If you do not dry camp much, I would suggest going with six 12-volt AGM batteries that you do not have to worry about the fluid level or sulfation… or at least not as much.

Dave Solberg is a leading expert in the RV industry and author of the “RV Handbook” as well as the Managing Editor of the RV Repair Club.

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Dave Solberg
Dave Solberg
Dave Solberg is a leading expert in the RV industry and author of the “RV Handbook” as well as the Managing Editor of the RV Repair Club. He has been in the RV Industry since 1983 and conducts over 15 seminars at RV shows throughout the country.


  1. The person asking the question said he wanted to upgrade his batteries. His unit according to Winnebago and Dave came with AGM batteries. Lithium batteries are the only way to accomplish an “upgrade”. Everything else would be staying with what he has or downgrading.

  2. All – AGM or even Lead acid are the best choice, why. Currently, the USA to my knowledge has NO rules in place to recycle lithium batteries, in many places they might even be tossed into landfill, BAD, BAD. I know CA, OR, WA have recycling plans in place for batteries, as I worked in Hazardous place, and we got batteries all the time. LA recycling has been in place for long time. Lithium is just a bad choice, expensive, and hard to recycle.

      • Several years ago I wanted to change over my flooded batteries to lithium and found several places to purchase them locally. However, when I asked about recycling them no one knew where I could get this done. Currently In my little corner of the world there is still no one “certified” to recycle large lithium batteries such as those mentioned in this article, the key word is CERTIFIED. I can find plenty of recyclers for small electronic batteries, however, none for the larger ones unless I drive about 1 1/2 hours one way. Spent lithium batteries pose a huge fire risk if not stored and disposed of properly and not to mention the environmental hazards associated with them. A year ago I had a electronic device with a lithium that became so hot it scorched a table top. Luckily I was home to smell it and got it out of the house before a fire started. The battery was swelled up so big I needed to pry it out of the device. For now, no thank you to lithium batteries.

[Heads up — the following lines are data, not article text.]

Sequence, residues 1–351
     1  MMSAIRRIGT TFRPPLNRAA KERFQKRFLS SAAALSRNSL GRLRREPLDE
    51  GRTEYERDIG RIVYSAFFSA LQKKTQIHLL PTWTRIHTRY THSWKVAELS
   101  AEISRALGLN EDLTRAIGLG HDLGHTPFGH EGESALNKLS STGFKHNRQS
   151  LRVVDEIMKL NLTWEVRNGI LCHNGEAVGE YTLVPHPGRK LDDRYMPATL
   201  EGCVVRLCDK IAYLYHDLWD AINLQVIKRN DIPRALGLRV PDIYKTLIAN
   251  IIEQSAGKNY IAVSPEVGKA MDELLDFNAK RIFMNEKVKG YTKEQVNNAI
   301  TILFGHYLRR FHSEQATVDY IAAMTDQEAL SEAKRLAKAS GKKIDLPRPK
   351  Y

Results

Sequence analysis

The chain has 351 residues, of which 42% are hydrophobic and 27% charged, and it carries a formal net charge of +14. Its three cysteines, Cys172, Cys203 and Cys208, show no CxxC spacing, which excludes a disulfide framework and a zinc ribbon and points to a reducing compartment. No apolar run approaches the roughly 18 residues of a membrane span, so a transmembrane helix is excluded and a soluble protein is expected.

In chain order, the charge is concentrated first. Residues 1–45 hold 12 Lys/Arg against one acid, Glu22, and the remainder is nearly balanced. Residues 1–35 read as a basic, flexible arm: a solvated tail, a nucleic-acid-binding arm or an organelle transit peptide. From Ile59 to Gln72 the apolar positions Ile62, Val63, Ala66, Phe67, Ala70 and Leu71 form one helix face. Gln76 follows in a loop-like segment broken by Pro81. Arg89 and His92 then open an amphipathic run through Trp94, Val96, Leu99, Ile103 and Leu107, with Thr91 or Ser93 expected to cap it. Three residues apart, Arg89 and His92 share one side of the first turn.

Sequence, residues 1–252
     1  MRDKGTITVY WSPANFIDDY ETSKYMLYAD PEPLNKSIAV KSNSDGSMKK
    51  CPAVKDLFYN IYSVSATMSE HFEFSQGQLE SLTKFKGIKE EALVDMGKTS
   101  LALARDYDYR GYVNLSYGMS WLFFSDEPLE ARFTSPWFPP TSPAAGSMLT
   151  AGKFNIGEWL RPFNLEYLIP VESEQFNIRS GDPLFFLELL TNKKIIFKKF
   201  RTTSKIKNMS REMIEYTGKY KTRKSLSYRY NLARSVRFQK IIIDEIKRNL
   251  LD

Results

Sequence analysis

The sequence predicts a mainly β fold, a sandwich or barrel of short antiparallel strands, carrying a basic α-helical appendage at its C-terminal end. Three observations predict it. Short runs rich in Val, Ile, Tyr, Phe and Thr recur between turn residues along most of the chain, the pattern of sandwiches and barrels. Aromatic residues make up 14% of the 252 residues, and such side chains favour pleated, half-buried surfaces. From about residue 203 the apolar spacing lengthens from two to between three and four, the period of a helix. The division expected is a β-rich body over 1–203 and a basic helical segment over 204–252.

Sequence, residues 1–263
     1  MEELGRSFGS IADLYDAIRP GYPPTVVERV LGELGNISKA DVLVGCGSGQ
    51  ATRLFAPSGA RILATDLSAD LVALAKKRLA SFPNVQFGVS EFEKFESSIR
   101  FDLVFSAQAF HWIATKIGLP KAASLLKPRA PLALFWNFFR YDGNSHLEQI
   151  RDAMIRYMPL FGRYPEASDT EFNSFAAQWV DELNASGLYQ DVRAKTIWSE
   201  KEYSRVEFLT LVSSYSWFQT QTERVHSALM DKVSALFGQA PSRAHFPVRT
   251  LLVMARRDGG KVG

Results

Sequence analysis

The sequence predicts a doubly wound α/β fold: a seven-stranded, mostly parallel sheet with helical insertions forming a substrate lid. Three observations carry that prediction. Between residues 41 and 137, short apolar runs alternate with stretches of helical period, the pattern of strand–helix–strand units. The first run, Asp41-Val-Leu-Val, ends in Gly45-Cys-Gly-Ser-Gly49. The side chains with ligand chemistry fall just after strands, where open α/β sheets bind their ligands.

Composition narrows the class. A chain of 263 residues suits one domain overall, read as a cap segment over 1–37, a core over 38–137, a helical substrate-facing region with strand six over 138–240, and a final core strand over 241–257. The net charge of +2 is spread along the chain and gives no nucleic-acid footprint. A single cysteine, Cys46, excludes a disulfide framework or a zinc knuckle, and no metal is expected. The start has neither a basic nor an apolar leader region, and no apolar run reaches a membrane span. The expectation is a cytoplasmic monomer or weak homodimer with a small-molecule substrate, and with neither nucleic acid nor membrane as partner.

3. If you go lithium I would suggest Battle Born brand batteries as there made in Reno Nevada and not China that has killed over 800,000 Americans with the ****** Flu.

      • If you have a choice buy American. We have become dependent on the CCR for everything. If you have a choice buy local. Big Box has eliminated local dealers.

      • Answer this (Leonard); at the beginning of this virus pandemic , why did the CCP leader NOT allow anyone living in wuhan to travel throughout other areas in china, but allowed them to travel everywhere else on this planet? Tend to believe this was an intentional act to spread this virus around the world. Not sure we will ever have definitive proof.

    • Keep your satire for the rally. I bet the phone you’re typing your comment on or the computer you’re using daily is made by the same people.
      If you’re going to drop the hot ones you better be all in and stop buying everything from China.
      You remember about 10 years ago when all those people in Seattle protested the oil drilling platform? They were protesting from the water in their kyacks made from petroleum products? They got to the protest in the gas burning cars… That’s you. Go you.

      • Hope I don’t get censored for being a little off topic but we gave up our choices when we gave up manufacturing. As far as replacement batteries- I just buy lead acid ones. A set have lasted six years in my Winnebago. That includes the original Napa ones, so at about $100.00 each I think they are a bargain. I also have a budget.